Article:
Seniors lead weekly kitchen party in Yarmouth

Pauline and Arnold Nickerson perform at the weekly kitchen party at the Pembroke Community Hall in Yarmouth. The evening’s are dubbed Arnold and Pauline’s Music Nights.

Tina Comeau
Yarmouth Vanguard

PEMBROKE, YARMOUTH COUNTY, N.S. – When it comes to making seniors happy and smiling, Arnold and Pauline Nickerson of Overton, Yarmouth County, can’t resist pulling out a guitar and breaking into song.

Seniors themselves – Arnold is 86 and Pauline is 85 – they’ve turned their love of music into a revitalization of a small community hall in Pembroke, Yarmouth County, where each Thursday evening for the past six years they’ve led a kitchen party called Arnold and Pauline’s Music Night.

 

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Pauline and Arnold Nickerson at home performing their Pembroke hall song. The seniors say they love performing for others, especially for other seniors.

Having started out on the first night years ago with five musicians, they now average 12 to 15 on the kitchen party nights. The musicians, who last week played music on 11 guitars and one accordion, each take turns singing a song as the evening goes on.

Collectively, though, they always start the night at 6:30 p.m. with a song Arnold wrote that starts out like this:

“There’s a little hall in Pembroke, not far from Yarmouth town. Where lots of people gather, to talk and sing some songs. We’re plain old country people, just out for a little fun. At our Pembroke kitchen party, we welcome everyone.”

Brian Duncan and others perform during the weekly kitchen party at the Pembroke Community Hall.

 
 
 
 
 
 
 
 
 
 

Seniors help pump new life into Pembroke Community Hall through their love of music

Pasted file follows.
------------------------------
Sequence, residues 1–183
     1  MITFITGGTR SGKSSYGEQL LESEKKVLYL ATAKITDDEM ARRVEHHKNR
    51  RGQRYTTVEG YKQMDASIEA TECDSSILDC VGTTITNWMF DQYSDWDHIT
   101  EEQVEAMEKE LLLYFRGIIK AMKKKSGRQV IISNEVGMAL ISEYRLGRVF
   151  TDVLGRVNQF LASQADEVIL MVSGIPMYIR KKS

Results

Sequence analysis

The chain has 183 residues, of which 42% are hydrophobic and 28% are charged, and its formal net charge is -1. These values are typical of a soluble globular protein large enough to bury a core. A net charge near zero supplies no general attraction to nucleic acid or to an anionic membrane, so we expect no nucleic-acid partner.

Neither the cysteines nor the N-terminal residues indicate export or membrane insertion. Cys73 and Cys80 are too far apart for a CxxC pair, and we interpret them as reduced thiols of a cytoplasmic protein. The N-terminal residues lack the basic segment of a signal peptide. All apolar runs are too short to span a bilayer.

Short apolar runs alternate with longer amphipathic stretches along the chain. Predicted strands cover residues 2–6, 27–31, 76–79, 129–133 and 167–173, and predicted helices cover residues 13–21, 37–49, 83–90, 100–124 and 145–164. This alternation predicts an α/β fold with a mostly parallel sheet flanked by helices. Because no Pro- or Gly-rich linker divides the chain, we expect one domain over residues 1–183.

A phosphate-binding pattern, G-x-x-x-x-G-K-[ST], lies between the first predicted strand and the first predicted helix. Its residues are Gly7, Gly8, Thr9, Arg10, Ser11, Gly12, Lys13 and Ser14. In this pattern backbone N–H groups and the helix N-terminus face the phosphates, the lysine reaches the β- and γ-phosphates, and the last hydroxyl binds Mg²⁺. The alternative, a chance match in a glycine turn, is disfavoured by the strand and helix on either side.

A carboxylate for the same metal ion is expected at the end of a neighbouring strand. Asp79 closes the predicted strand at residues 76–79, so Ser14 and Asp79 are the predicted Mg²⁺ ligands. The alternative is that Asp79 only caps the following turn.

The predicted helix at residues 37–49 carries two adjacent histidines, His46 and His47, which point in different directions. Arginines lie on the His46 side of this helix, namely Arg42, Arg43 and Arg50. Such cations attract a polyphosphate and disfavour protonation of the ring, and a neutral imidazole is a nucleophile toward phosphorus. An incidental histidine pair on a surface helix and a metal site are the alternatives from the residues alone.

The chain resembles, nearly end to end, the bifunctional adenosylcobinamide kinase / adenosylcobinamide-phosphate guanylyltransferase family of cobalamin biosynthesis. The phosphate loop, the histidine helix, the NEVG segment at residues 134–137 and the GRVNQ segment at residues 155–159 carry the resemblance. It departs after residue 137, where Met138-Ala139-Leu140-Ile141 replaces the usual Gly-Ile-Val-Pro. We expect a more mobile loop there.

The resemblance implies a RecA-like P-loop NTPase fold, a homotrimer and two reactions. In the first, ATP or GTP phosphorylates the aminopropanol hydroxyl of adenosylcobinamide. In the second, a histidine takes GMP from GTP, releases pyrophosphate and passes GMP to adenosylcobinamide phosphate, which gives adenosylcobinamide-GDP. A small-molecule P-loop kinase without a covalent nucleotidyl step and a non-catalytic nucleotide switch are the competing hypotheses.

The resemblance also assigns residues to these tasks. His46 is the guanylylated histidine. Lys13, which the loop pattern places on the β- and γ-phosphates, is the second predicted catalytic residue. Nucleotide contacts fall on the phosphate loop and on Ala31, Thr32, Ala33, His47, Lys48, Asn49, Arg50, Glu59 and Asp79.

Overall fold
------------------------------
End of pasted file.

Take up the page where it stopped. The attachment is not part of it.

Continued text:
A younger Pauline Nickerson with the first guitar she ever bought.
Contributed

Like other community halls, the Pembroke Hall has a lot of charm. Photographs line the wall, including a collage of photos of the musicians who play or have played at the kitchen parties. One of the photos is of the Nickerson’s grandson Sean Nickerson, a gifted guitarist who died of cancer. Pauline and Arnold, who are both cancer survivors, hold the kitchen parties in his memory.

As the music is played you can feel the vibration of feet tapping on the tile floor from the musicians and the audience. A ceiling fan hangs overhead, alongside a silver disco ball. Food piles up on the kitchen counter for the lunch that will be served at 8 p.m. Visitors sign a guest book as they come in and drop donations for the hall into a jar. People sway to the music in their seats, and often sing along.

“Since we started this, with the money raised, a parking lot has been built at the hall. There’s an annual seafood chowder supper. They rent the hall out for wedding and baby showers. We’ve had a lot of donations. And our little hall in Pembroke is growing to be quite the thing,” Pauline says. “Now, we’re trying to get a grant to enlarge the kitchen and make a wheelchair washroom.”

Loren Cushing, once president of the hall, is the municipal councillor for the district.

“Community halls build communities,” he says, adding about these music nights, “There’s a lot of friendships.”

 
 
 
 
 
 
 
 
 
 

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The song about the Pembroke Community Hall written by Arnold Nickerson.

© Tina Comeau

 
 
 
 
 
 

Seniors help pump new life into Pembroke Community Hall through their love of music

Tina Comeau

The Nickersons, who this year will celebrate their 65th wedding anniversary, have played music and sang at other kitchen parties in the region, as well as at churches, seniors homes, etc. Old-time country and gospel songs are their favourites. Pauline was raised in Pembroke, not far from the hall.

“I was 12 years old, wasn’t I, when I got my first guitar?” she says to her husband.

“I didn’t know you then,” laughs Arnold. “It was before my time.”

Now she’s trying to learn how to play the accordion.

The couple intends to stick with the kitchen parties as long as they can. They’ll have to miss at least one when Pauline gets a long- awaited hip replacement, but with the exception of that, they continue to strive for perfect attendance.

“We’re hoping that this little hall can keep going,” says Pauline. “We’re seniors making seniors happy, we love doing this.”